Equine gastric ulcers are extremely common, especially in performance horses. But ulcers can also occur in the horse’s hindgut and have negative consequences for digestive health.

Hindgut ulcers are also known as colonic ulcers. Veterinarians often refer to the condition as right dorsal colitis (RDC) since most hindgut ulcers occur in this region of the large intestine.

Hindgut ulcers are less common than gastric ulcers, but have been reported to affect 44 – 63% of horses. [4] It is also possible for a horse to have both gastric and hindgut ulcers at the same time.

Horses affected by hindgut ulcers may experience decreased performance, weight loss, reduced appetite, diarrhea, recurrent colic or a rough coat.

Colonic ulcers can be caused by stress, hind gut acidosis, use of non-steroidal anti-inflammatory drugs (NSAIDs), parasites and other disturbances to the gut microbiome. Dietary management plays a key role in preventing hindgut ulcers from recurring and in supporting the healing of the intestinal lining.

Equine Hindgut Ulcers | Mad Barn Canada

The Importance of the Horse’s Hindgut

To understand the impact hindgut ulcers can have on the horse, it’s important to start with the basic anatomy and physiology (or function) of the hindgut. The hindgut is composed of the cecum, large colon, and small colon. In horses, the large colon is quite large, and can be subdivided into several regions- left ventral colon, right ventral colon, right dorsal colon, and left dorsal colon.

Horses evolved to have such large, specialized hindguts because they are herbivores that digest their food via fermentation in the hindgut. Therefore, when the function of the hindgut is impaired, it can have wide-ranging impacts on the health and well-being of your horse.

When feed moves through the horse’s digestive system, the stomach and small intestine produce enzymes that start to break down the feed. Simple sugars and amino acids are mostly absorbed in the small intestine.

But fibre makes up a huge portion of the horse’s diet and it does not get digested in the small intestine. Horses cannot break down fibre without the help of microbes in the hindgut.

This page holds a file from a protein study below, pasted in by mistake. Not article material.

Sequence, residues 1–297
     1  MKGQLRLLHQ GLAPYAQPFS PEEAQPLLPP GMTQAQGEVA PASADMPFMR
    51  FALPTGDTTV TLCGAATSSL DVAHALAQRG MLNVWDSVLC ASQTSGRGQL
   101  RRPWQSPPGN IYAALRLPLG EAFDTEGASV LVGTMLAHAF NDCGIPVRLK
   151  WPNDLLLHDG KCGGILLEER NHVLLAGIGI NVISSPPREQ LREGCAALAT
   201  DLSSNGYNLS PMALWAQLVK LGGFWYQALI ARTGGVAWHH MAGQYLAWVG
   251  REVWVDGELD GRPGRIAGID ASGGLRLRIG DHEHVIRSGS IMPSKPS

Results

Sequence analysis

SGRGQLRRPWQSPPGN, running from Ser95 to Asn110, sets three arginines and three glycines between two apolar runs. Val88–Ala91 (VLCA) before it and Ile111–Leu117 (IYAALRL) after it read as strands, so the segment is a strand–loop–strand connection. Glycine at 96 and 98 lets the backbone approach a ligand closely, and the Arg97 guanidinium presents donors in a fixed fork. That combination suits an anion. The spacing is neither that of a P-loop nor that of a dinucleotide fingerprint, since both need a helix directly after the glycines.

Bacteria, yeast and other microorganisms digest fibre through a process known as fibre fermentation. This process provides the horse with energy, volatile fatty acids, vitamins, minerals, and amino acids necessary for good health.

These nutrients are then assimilated through the intestinal wall for utilization in the horse’s body. A healthy intestinal wall provides a protective barrier that allows nutrients to be absorbed, but doesn’t allow toxins and microbes to enter the bloodstream.

If this barrier becomes damaged by ulcers or compromised by leaky gut syndrome, harmful substances can cross into the bloodstream and can lead to infection and disease.

Gut disturbances have been linked to a wide range of equine health concerns, including insulin resistance and equine metabolic syndrome, laminitis, and colic. [1] [2] [3]

When hindgut health is compromised, a horse may also have trouble absorbing important nutrients. This can result in poor coat and hoof condition, reduced immune function, and a change in behaviour.

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Equine Hindgut Ulcers

Hindgut ulcers in horses occur when there is erosion